Worth setting up DMARC for my domain(s)?

I was just wondering what the general consensus is regarding the use of DMARC DNS records for mail sending domains? I already have SPF (version 1 and 2) records and DKIM records as well for my mail sending domains and was wondering if it was worthwhile adding DMARC as well?

These are business domains so deliverability is important.

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I decided to go with it in the end. I went with this DMARC configuration:

v=DMARC1; p=none; adkim=s; aspf=s; pct=100; rua=mailto:[email protected]

does that look like a reasonable setting? If nothing happens in the next couple of weeks I'll switch it to a reject policy.

Your settings look reasonable, but be careful with setting p=reject since it, in effect, prevents users of your domain from sending mail to mailing lists. Mailing lists make modifications that break DKIM signatures (like rewriting the Subject: or appending a "unsubscribe" footer to the body) yet preserve the From: header. These messages will get rejected by DMARC-supporting sites if you turn on p=reject. I get a ton of DMARC failure reports every time I post to a mailing list or even create a bug report in the Debian Bug Tracker.

Unfortunately, p=reject seems useful only for domains that send exclusively transactional mail destined for individuals (think PayPal, bank emails, etc.).

@AGWA:

Your settings look reasonable, but be careful with setting p=reject since it, in effect, prevents users of your domain from sending mail to mailing lists. Mailing lists make modifications that break DKIM signatures (like rewriting the Subject: or appending a "unsubscribe" footer to the body) yet preserve the From: header. These messages will get rejected by DMARC-supporting sites if you turn on p=reject. I get a ton of DMARC failure reports every time I post to a mailing list or even create a bug report in the Debian Bug Tracker.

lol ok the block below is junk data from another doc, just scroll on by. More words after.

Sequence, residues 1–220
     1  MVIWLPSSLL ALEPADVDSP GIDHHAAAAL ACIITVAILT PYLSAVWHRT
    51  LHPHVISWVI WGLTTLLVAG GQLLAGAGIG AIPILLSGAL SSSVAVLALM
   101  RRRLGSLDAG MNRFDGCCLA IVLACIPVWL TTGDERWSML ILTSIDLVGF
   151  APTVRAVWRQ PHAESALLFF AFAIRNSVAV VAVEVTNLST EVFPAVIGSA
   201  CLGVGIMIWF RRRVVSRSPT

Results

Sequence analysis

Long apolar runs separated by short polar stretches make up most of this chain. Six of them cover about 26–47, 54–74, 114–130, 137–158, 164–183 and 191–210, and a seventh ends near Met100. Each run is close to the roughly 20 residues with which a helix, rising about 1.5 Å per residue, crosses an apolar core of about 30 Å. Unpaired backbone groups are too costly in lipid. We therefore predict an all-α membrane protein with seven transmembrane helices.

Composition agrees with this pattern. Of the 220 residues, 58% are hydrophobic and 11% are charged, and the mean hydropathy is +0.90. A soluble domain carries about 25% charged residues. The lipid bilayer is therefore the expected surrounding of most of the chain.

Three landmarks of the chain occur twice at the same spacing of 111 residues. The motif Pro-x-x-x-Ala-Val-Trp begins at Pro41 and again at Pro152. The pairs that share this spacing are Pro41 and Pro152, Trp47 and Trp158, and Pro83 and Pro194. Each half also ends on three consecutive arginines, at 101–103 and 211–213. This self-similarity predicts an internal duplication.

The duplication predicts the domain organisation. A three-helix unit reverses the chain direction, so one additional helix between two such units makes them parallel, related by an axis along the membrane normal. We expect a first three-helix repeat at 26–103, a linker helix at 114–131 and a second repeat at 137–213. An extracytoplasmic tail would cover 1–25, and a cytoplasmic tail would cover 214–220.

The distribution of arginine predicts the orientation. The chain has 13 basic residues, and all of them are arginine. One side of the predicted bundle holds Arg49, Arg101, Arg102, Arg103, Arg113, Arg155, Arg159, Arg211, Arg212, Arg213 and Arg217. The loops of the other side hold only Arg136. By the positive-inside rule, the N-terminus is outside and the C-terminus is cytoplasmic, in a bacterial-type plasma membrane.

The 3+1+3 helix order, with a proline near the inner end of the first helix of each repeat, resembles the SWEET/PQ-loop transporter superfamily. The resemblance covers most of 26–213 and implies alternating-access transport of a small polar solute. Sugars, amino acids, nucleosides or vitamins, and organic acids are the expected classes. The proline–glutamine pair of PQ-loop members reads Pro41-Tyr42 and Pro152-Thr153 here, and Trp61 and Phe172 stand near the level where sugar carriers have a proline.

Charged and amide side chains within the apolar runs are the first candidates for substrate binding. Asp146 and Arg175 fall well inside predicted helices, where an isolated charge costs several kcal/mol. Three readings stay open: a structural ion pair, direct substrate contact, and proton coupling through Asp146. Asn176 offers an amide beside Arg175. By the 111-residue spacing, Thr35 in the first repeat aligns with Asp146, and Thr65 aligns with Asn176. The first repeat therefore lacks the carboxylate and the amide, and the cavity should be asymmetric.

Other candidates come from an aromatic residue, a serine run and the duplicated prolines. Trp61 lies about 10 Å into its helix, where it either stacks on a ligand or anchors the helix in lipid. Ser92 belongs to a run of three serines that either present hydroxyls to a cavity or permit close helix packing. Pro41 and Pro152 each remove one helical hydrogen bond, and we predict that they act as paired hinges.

Unfortunately, p=reject seems useful only for domains that send exclusively transactional mail destined for individuals (think PayPal, bank emails, etc.).

Thanks for the reply.

OK. I've just received my first DMARC report for the domain and all seems well except for one thing. I use Google Apps for Business on this domain and make use of the collaborative inbox provided by Google Groups for Business. Essentially I have a Support group so that users can email [email protected] and the email will arrive in a nice forum view that staff members can then reply to. Google Groups for business provides a nice GUI allowing you to mark each thread as complete or in progress etc.

Since I disallow public access to the group (for obvious reasons) the only way to allow people to see the responses that staff members post to their support requests is to CC them into the response. This means that it is Google Groups sending the CCed message to the client and therefore SPF checks fail. Does anyone know if there is a way to include a set of email servers in an SPF record if you don't know what all the mail servers for that domains IP address are? Normally Google tell you to include _spf.google.com in your SPF records but this doesn't include Google Groups unfortunately.

Fixed by including mx:googlegroups.com in the SPF records.

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